The SMA Researcher Meeting is the largest research meeting in the world specifically focused on SMA and seeks to create open communication of early, unpublished data to accelerate the pace of research. The meeting also furthers research by building collaborations—including cross-disciplinary dialogue, partnerships, integration of new researchers and drug companies, and educational opportunities for junior researchers. This year, 530 researchers attended the meeting—a record number!
To highlight the most interesting new discoveries presented, we’ll be posting a series of summaries from the 2018 SMA Researcher Meeting. This update covers the session “Clinical Research Studies for SMA”, moderated by Dr. Tom Crawford, MD.
The first talks of the session were focused on newborn screening for SMA. To begin, Dr. Francis Lee, PhD, described the status of newborn screening (NBS) for SMA in the United States, highlighting the development of a test by the CDC to be used for SMA NBS. This test can be run at the same test as the only other DNA based NBS test, SCID, minimizing increases in material and labor costs. Following Dr. Lee, Dr. Kathryn Swoboda, MD, talked about the utilization of the Newborn Screening Translational Research Network (NBSTRN): Project Cure SMA Longitudinal Pediatric Data Repository (LPDR). The goal of the NBSTRN: LPDR is to provide data with which to assess the overall impact of new therapies on outcomes in SMA patients across a range of phenotypes and genotypes. Next, Dr. Jackie Glascock, PhD, described the development of a treatment algorithm for infants diagnosed with SMA through NBS. The treatment algorithm, developed by a working group of 15 SMA experts, describes guidelines for the treatment of infants identified via NBS based on their SMN2 copy number.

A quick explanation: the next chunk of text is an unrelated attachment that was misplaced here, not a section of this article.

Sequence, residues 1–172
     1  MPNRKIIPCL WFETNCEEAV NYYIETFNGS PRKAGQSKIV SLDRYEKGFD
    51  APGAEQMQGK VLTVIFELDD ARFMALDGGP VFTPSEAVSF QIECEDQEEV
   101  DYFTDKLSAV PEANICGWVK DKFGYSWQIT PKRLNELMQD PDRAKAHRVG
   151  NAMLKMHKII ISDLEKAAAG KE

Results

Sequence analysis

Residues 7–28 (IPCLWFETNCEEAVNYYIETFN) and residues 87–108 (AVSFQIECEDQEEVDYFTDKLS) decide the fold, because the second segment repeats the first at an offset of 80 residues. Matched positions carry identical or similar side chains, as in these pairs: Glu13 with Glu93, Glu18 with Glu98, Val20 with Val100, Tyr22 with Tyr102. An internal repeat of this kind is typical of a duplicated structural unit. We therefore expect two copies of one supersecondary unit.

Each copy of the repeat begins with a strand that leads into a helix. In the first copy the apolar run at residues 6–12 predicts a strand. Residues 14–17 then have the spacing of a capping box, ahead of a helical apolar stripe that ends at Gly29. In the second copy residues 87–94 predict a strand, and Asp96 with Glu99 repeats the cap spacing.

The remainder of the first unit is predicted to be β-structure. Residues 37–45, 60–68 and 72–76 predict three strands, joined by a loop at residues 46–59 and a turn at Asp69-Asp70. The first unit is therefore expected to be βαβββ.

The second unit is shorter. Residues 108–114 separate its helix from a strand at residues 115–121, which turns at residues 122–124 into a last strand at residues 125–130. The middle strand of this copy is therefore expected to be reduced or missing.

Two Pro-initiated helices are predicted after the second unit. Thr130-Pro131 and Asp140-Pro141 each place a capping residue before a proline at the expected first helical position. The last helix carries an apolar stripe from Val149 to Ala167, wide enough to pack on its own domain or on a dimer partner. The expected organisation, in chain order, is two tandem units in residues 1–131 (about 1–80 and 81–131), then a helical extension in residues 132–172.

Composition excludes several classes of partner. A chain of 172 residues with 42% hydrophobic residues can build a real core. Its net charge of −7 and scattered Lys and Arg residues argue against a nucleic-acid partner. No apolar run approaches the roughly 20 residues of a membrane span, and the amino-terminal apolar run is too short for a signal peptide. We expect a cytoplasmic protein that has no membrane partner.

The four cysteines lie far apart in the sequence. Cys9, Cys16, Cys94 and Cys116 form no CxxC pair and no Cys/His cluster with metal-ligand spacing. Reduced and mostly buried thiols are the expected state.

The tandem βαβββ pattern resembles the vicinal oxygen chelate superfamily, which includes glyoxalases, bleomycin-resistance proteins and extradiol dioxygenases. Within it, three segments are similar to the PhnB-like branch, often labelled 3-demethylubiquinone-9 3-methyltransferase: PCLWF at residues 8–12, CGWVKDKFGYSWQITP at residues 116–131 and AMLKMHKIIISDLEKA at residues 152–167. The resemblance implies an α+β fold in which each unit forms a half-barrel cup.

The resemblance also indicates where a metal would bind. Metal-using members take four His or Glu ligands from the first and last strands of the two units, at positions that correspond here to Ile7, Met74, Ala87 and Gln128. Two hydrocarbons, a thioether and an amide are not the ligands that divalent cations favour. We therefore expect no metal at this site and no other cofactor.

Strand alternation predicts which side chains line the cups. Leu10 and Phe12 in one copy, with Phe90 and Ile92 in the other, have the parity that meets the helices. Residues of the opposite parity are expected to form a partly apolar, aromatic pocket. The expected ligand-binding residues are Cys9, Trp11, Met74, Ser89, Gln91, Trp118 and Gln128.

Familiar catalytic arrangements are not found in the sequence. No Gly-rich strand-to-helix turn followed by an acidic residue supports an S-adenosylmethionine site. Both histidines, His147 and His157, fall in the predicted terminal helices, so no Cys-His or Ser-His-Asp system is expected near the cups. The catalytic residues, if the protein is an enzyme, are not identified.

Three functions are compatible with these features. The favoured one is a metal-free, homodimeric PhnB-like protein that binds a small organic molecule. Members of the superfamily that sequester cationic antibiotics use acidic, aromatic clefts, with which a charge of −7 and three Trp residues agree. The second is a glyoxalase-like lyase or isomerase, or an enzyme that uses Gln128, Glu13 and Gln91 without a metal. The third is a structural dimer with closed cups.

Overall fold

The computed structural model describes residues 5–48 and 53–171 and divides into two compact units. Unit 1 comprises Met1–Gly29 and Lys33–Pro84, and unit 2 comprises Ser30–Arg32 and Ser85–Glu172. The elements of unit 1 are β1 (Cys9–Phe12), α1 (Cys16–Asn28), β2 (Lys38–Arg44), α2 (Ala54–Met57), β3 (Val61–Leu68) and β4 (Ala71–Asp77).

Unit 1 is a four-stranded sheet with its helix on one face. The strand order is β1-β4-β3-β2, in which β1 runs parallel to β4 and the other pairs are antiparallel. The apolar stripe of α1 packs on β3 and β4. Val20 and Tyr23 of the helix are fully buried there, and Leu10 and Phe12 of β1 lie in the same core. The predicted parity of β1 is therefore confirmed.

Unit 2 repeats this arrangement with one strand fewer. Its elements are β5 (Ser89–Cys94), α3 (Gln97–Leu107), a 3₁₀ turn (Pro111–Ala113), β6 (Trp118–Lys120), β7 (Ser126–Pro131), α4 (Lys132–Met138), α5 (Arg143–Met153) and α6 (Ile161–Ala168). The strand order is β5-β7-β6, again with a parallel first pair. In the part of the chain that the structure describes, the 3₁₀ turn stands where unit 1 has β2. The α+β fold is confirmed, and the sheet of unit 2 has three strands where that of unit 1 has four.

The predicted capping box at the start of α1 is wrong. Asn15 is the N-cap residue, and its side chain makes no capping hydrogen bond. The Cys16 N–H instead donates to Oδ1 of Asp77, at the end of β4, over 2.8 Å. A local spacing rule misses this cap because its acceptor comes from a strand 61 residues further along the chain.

Dr. Mary Schroth, MD, gave a presentation about the development of the Cure SMA Clinical Care Center Network and SMA Clinical Data Registry which utilize electronic transfer of Electronic Health Records to generate evidence to guide clinical care, therapeutic development, and new treatment delivery. Next, Dr. Amy Pasternak, DPT, discussed her work in which she determined that caregiver-reported measures, like the PEDI-CAT, accurately reflect the patient’s functional ability and are needed in SMA. Furthermore, she demonstrated strong associations between PEDI-CAT scores and other measures of motor function indicating that the PEDI-CAT is a good predicator of patient motor abilities. Ashley Goodwin explained her work evaluating the published normative data for the six-minute walk test (6MWT). She demonstrated that the available normative data may not be applicable for SMA patients being evaluated in specialty clinics and that optimal normative reference values for use in SMA remain unclear and warrant further examination. Dr. Sally Dunaway Young, DPT, talked about her work assessing the impact of scoliosis severity in SMA on motor function. She explained that there is an inverse relationship between scoliosis severity and score on motor function assessments. The last talk of the session given by Dr. Grazia Zappa, PhD, was about cognitive development in children with SMA type 1 using an augmentative alternative communication (AAC) device. Dr. Zappa demonstrated that the use of an AAC device improves quality of life for both the patient and his or her family and that it results in acquisition of a higher IQ and better language comprehension, independent of motor ability.